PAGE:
SD29 - Personalized Handguns
In 1999, the Virginia General Assembly passed Senate Joint Resolutions 377 (Howell) and House Joint Resolution 679 (Almand) directing the Virginia State Crime Commission to study and evaluate the technology known as personalized handguns. Specifically, SJR 377 and HJR 679 requested that the Crime Commission:
• Review the status of present technology to develop personalized handguns;
• Present the future accessibility and availability of personalized handguns; and
• Determine the feasibility of developing future legislation regarding personalized handguns.
The Crime Commission found:
• Personalized handguns are firearms that, by definition and design, cannot be discharged by anyone other than the gun's owner or his or her authorized designee.
• According to data available from the Federal Bureau of Investigation, the National Institute of Justice, the National Centers for Disease Control and Prevention, and the Johns Hopkins Center for Gun Policy and Research, unauthorized handgun shootings result in death or injury to numerous Americans each year. Specifically, 6 of the 61 police officers feloniously killed in 1998 (approximately 10%) were shot with their own service firearm after it was taken away by a perpetrator. In 1997, (the most recent year for which data is available), guns killed 31,436 people in the United States, making gun-related deaths the 2nd leading cause of injury death in the United States overall. However, gun death was the 3rd leading cause of death for 10-14 year olds and the 2nd leading cause of death for 15-14 year olds. Specifically, firearms unintentionally killed 142 children, 14 years old and younger. In 1997, 54% of all gun deaths were suicides, 42% were homicides, and 3% were unintentional. The data further indicates handguns are the weapons of choice for home defense, suicide, and criminal behavior. Nearly 1 in every 4 households in the United States contains a handgun. Furthermore, 259 people ages 19 and under were unintentionally killed by a firearm in the United States, and 51 Virginians ages 19 and under committed suicide with a firearm in 1996 (the most recent year for which data is available).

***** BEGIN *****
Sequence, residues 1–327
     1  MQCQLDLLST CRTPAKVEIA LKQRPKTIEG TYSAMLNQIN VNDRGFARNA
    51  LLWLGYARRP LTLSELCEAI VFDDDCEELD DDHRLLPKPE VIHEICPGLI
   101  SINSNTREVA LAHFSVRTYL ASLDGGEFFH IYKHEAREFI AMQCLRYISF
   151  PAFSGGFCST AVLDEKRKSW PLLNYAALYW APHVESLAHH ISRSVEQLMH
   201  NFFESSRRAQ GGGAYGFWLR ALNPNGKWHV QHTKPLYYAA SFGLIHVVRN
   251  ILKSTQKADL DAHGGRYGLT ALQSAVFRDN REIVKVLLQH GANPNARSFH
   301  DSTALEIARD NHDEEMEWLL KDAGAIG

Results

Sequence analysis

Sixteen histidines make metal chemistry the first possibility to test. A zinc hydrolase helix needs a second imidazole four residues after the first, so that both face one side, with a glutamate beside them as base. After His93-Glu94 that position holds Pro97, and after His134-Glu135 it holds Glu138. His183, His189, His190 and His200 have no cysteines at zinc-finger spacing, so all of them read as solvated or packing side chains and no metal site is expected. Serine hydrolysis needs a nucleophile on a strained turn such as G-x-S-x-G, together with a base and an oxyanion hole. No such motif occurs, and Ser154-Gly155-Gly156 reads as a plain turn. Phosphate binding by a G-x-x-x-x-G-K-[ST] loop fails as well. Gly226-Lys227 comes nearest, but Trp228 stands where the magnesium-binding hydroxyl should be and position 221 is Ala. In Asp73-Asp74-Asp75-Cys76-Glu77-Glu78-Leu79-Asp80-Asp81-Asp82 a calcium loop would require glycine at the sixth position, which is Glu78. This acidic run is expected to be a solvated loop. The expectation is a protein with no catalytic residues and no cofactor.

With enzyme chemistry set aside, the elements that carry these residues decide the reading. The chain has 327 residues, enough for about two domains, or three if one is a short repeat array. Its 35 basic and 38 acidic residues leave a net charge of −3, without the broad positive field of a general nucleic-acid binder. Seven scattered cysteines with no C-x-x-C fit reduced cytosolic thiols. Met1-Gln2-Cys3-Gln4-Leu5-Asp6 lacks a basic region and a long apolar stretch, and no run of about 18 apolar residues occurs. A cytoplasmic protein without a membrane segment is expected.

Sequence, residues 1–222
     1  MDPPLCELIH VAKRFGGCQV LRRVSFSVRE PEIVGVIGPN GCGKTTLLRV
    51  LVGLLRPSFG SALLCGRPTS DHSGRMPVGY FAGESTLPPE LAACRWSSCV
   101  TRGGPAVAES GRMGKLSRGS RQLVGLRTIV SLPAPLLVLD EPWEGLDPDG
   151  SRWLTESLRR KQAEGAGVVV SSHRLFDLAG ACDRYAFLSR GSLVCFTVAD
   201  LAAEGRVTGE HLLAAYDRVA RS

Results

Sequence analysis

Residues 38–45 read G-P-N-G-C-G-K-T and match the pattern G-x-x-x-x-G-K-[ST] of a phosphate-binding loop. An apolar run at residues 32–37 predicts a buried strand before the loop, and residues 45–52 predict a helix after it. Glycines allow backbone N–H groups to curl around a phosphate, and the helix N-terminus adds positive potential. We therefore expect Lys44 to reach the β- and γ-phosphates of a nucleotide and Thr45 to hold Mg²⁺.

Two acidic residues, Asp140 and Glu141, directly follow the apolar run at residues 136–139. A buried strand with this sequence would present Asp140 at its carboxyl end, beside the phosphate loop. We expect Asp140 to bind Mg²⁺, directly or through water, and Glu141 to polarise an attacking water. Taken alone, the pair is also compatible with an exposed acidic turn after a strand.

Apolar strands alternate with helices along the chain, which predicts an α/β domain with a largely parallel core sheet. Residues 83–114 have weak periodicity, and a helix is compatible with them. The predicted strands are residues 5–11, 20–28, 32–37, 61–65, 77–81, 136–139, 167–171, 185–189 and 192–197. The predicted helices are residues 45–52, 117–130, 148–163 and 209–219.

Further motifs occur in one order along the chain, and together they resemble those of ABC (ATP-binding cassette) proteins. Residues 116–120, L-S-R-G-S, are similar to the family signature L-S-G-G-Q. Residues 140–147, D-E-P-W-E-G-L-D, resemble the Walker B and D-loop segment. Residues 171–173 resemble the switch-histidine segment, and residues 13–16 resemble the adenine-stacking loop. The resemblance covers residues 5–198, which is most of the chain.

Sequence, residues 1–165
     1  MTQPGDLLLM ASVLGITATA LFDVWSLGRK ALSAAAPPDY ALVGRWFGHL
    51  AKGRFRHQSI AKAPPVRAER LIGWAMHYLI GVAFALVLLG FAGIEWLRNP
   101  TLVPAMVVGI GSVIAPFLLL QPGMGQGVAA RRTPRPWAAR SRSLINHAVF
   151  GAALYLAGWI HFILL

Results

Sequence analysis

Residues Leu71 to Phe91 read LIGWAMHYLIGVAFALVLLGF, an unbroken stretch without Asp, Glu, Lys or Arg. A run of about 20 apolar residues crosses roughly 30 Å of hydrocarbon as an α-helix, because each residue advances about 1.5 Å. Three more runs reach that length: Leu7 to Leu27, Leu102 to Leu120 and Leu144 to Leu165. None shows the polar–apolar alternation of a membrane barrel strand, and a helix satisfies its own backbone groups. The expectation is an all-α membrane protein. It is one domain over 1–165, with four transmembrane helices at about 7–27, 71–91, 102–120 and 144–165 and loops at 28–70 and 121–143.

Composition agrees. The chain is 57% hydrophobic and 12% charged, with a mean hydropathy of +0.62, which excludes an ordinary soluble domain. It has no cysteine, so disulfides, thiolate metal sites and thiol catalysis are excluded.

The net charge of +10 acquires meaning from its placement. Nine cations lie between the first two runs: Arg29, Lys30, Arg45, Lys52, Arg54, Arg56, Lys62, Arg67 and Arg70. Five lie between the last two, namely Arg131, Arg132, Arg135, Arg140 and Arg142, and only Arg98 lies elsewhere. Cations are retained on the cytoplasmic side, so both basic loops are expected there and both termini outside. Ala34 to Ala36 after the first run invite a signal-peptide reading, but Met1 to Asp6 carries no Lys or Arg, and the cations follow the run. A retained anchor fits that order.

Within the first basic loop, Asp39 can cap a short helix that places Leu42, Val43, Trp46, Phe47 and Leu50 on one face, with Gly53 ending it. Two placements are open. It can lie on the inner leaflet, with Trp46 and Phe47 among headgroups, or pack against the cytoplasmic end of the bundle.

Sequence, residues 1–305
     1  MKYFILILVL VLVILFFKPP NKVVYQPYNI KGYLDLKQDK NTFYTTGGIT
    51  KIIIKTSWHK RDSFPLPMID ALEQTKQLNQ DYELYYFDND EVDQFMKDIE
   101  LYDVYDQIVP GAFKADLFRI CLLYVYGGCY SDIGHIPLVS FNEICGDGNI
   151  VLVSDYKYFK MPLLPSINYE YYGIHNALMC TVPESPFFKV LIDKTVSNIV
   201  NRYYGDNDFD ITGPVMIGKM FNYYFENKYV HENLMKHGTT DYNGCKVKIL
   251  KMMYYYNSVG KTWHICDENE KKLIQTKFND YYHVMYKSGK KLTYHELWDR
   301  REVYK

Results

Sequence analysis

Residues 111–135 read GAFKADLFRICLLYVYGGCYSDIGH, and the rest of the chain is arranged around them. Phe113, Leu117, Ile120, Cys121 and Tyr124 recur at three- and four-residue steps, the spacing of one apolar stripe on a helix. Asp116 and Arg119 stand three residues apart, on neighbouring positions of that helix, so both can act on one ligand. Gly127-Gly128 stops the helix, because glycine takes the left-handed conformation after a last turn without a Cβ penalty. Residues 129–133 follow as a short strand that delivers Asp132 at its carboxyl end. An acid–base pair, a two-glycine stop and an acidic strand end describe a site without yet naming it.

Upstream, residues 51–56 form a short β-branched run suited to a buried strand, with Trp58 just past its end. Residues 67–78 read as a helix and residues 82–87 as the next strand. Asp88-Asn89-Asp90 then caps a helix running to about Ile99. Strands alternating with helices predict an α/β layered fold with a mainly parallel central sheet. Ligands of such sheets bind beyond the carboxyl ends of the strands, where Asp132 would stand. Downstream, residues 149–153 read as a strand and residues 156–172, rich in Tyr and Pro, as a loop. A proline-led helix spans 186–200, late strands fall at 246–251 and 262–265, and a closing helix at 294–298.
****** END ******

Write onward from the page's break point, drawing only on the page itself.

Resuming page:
• According to the New England Journal of Medicine, in homes with guns, the homicide of a household member is almost 3 times more likely to occur than in homes without guns and the risk of suicide of a family member is increased by nearly 5 times.
• According to the Fall 1998 National Gun Policy Survey conducted by the Johns Hopkins Center for Gun Policy and Research, 88% of the general public and 81% of gun owners support legislation requiring all new handguns to be childproof. Furthermore, 75% of the general public and 59% of gun owners favor legislation requiring all new handguns to be personalized.
• Currently, seventeen technologies exist that are either being used or may be suitable for use in personalized firearms. Each technology identified is in a different stage of development.
• While some low-tech, mechanical versions of personalized handguns are already available, most, high-tech electronic and biometric personalized handgun technologies are in the prototype or concept stage of development.
• Staff identified six personalized handgun technologies currently available commercially. Three technologies rely on the user to wear a magnetic ring to authorize the firearm to discharge. One technology requires the user to enter a combination on a set of toggle switches prior to shooting the gun. Two contain integrated key locks incorporated into the gun which require the user to use a key to unlock the mechanism and fire the gun.
• Staff identified four personalized handgun technologies in the prototype stage of development. Two rely on the user entering a combination on a built-in lock; one requires the user to wear a small bracelet that emits a radio frequency code to authorize discharge of the handguns; and one discriminates between authorized and unauthorized fingerprints.
• Staff identified seven concept technologies that may be appropriate for use in personalized handguns. These technologies range from remote control to voice recognition to capacitive sensors.
After staff presented the interim report to the Crime Commission during the 2000 General Assembly, members voted to continue to monitor the technology during the second year of the study. Consequently, staff continued to monitor the status of personalized handguns and makes no recommendations in this final report. This final report contains only updated information of the interim findings. Specifically, it updates the status of present technology to develop personalized handguns, and the present and future accessibility and availability of such technology. It also includes legislation in other states.